What a difficult year 2020 has been for everyone, the world over. I have heard of much grief and loss – and what is more, loss that cannot be mourned in the normal way. I learned many things this year (as I am sure has everyone) but for the first time I understood that being able to mourn properly and attend a funeral is in fact a blessing and something to be grateful for, even as one deals with death. Being able to share that difficult moment with loved ones and friends, through which the heart grows bigger even if it is in pain, is, I now understand, a great privilege.
How many other things, therefore, have I overlooked? How many things seem only awful on the face of it, but actually contain glimpses of light and love and opportunities to learn? Perhaps that is the theme of the entire pandemic, this defining memory of 2020. So while we have witnessed political turmoil, the sorry outcome of untempered individualism (remember in the UK the panic bulk-buying and the empty shelves while some were left with nothing?), and suffering and sorrow on many levels, we have also witnessed the best of humanity. The depths of human compassion and fortitude; the selfless service of key-workers from hospital staff to delivery people; the calls for justice; the small kindnesses of neighbours or people we barely know; the long-distance support between families and friends and colleagues; the extra effort taken to say ‘take care’ and ‘stay safe’ at the ends of emails that no longer feel quite as robotic as they used to.
Even in the coldness and darkness of winter, there is beauty.
So with that knowledge, I thought I would express something of it via a paintbrush. With the announcement of ‘Tier 4’ lockdown (as someone commented, it was like having a question on a topic that wasn’t even on the syllabus thrown into the exam) and with families cut off from being together over Christmas, everyone I know has been feeling quite down. This called for a painting that was both calming and joyous to lift my spirits – to search for that light in the dark.
I usually use watercolours but this time I opted for acrylics knowing how they add vibrancy and boldness to a painting. The medium we choose in our art is more than that, it is also a statement.
Now I stress, this was rather experimental. The end result was not important here – the process was. Using art, the strokes of the brush, seeing colour, and creating something out of ‘nothing’ (of course it is not out of nothing but out of an unseen or unknown gift), as a way of manifesting the peace that lies within all of us but gets crowded out by noise and worry, was the point here. To not fuss with perfection or realism or pre-sketches – Simply. Paint.
Just as well, because I did not expect the colours to come out quite so bright. The yellow was particularly dazzling.
Here is what I mean – stage 1:
I thought I would be able to tone down the colours of the smial doors and windows (the lemon, lime, and three satsumas) and those gravel lanes. I’m usually able to subdue colours with overlay of duller colours or blotting (ah, the simplicity of watercolour!). So I stayed optimistic about those. Speaking of simplicity, the hobbits who live here might be of modest means, as I did not give them a front garden or gate. That is alright, I want to celebrate those hobbits on this occasion.
The trees though were a lot of fun. They had to be conifers, given the season, and they would be covered with layers of snow. So I just left gaps between the leaves to create that effect. After this picture I went back to the leaves and darkened them in places, which added a sense of depth.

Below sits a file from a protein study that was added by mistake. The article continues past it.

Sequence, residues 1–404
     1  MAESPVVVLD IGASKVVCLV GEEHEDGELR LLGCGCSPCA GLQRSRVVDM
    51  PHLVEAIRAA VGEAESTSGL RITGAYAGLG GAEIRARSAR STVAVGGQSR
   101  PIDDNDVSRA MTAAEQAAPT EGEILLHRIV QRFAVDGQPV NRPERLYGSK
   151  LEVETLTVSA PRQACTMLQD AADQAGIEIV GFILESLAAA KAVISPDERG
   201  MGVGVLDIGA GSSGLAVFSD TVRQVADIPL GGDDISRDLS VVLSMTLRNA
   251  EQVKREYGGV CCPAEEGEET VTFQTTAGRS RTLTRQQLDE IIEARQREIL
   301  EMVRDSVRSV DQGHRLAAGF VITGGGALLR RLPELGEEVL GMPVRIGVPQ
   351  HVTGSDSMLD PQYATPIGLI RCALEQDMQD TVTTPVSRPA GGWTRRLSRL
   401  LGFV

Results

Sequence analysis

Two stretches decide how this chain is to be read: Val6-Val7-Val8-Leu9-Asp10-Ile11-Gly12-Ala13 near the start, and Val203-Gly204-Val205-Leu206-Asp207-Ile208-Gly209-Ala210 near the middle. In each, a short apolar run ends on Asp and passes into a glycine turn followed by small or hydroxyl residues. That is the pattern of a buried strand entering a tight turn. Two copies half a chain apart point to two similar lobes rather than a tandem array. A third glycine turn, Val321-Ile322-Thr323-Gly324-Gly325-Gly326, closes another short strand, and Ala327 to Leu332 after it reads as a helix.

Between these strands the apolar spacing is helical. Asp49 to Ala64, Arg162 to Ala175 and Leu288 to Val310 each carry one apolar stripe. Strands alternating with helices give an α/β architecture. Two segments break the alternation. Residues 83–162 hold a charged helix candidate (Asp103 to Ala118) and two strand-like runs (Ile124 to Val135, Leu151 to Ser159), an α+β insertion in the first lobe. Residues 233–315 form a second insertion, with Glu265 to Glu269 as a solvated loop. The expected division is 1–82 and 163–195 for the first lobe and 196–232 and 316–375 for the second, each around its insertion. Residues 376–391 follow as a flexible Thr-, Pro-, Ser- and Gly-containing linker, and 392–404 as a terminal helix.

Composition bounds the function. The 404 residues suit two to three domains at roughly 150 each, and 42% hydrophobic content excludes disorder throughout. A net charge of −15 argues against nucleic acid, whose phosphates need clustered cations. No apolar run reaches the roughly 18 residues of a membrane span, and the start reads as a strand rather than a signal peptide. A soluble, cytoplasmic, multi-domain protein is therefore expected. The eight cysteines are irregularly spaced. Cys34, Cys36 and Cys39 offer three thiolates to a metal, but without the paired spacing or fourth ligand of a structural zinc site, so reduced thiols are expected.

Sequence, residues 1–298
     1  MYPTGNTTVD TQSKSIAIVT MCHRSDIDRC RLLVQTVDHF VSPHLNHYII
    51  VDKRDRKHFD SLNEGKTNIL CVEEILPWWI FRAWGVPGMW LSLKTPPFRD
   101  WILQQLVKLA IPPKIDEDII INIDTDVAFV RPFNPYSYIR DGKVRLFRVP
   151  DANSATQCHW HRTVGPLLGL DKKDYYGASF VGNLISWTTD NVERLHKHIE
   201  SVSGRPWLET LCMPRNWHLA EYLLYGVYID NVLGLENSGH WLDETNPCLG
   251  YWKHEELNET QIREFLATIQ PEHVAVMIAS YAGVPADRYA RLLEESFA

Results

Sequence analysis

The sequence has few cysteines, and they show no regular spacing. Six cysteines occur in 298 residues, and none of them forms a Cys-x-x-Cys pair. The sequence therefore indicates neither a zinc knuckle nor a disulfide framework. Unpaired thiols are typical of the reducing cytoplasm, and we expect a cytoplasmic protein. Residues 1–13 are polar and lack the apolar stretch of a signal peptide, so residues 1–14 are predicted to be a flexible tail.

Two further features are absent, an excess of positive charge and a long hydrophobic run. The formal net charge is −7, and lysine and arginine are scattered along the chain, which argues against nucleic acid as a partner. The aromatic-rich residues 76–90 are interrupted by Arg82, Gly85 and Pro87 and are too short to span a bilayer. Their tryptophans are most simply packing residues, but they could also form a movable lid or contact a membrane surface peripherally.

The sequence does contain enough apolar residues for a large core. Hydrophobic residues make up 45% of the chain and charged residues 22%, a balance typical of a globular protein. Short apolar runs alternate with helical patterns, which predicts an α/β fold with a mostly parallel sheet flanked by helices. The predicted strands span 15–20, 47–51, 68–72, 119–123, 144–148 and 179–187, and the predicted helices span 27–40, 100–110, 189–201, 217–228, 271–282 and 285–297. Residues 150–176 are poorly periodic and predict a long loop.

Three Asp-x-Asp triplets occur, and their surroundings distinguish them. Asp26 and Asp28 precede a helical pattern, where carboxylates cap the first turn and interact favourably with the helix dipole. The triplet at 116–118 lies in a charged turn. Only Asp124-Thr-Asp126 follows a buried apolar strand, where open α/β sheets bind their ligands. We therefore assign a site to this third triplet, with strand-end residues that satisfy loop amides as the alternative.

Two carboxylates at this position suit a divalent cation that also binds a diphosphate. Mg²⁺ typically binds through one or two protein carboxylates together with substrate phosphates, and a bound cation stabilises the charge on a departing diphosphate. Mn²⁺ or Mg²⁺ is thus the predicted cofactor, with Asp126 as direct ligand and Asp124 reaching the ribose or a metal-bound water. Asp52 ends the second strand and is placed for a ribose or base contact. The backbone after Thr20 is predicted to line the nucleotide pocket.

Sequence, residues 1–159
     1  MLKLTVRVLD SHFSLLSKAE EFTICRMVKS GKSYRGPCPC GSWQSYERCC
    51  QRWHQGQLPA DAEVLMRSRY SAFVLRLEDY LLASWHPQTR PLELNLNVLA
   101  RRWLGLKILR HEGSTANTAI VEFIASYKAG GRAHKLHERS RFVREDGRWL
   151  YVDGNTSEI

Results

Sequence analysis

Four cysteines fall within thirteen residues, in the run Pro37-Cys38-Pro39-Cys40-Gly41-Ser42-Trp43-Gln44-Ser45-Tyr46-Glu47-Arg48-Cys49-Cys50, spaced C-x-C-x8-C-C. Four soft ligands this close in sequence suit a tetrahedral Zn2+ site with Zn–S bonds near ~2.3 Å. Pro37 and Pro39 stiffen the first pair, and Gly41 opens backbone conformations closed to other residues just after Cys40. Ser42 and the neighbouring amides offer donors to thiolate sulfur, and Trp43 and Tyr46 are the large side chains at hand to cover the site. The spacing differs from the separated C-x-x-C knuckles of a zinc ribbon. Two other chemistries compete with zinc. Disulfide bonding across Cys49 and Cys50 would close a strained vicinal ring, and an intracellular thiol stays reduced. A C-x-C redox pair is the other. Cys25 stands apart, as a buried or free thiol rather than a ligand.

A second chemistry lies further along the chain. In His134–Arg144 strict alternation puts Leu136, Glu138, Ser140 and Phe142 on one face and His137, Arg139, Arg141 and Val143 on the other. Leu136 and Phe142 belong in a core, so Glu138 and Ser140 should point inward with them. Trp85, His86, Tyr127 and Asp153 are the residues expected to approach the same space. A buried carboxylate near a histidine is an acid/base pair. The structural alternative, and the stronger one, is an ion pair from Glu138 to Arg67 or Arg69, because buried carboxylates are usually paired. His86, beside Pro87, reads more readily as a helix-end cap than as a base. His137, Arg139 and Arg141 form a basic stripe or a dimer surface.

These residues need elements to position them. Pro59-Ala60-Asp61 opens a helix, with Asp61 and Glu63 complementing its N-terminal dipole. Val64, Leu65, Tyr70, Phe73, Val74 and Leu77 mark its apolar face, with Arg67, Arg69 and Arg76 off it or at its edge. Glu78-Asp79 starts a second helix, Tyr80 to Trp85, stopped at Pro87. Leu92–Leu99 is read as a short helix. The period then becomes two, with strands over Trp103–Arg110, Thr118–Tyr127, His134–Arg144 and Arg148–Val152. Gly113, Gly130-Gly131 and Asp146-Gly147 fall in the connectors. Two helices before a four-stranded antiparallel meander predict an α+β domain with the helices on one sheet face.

I enjoyed painting the deep blue evening sky with a thick broad brush, very cathartic – a win for acrylic paint there. Ultramarine and Phthalo blue mixed to varying degrees is what you see.
Stage 2: I tried to then fix up the houses and the lanes and discovered that overlaying does not really tone anything down – it just, well, overlays with a brand new colour. Try as I might nothing could alter the fact I had two Yellow Brick Roads dominating what was meant to be a calm winter scene. I resorted to pencil to add some darkness and shade but it did not do much. The paint is stubborn!
Stage 3: I painted in the empty space with white paint – it might make a difference under different lighting, and so it seemed worthwhile. Lastly I added the snow falling- again I learned a proper painting by a proper artist would have paid more attention to the physics of snowfall. You don’t want it to look like rain (so avoid slanting). Nor does randomly placing white dots on canvas do justice to the majestic yet haphazard perfection of falling snowflakes. So in the process of this painting I made a mental note to pay more attention to the way snow falls the next time it does. Because it is both a science and an art – no wonder we find ourselves mesmerised when watching snow fall.
Overall then, I quite like the trees – they do bring me joy. And I do like the snowy night sky. I’d be quite happy to crop the painting as below:
The houses on their own without the paths might have been alright. Or at least just one hobbit house, seems to improve the painting. Yes – I think the cropped version you see at the top of the page shall be the “official” version.
But there is no redeeming those paths, alas. But I have learned for next time!
The final less than perfect painting then:
Before signing off, I want to say I am sure I was inspired by Artist Emily Austin, who has produced some beautiful wintry Shire artwork – do check out her work here: https://emilyaustindesign.com/hello
So that is it. I wish everyone a recovery and remembrance of the things you love and which bring you peace; may we all find the beauty of night and winter in one way or other.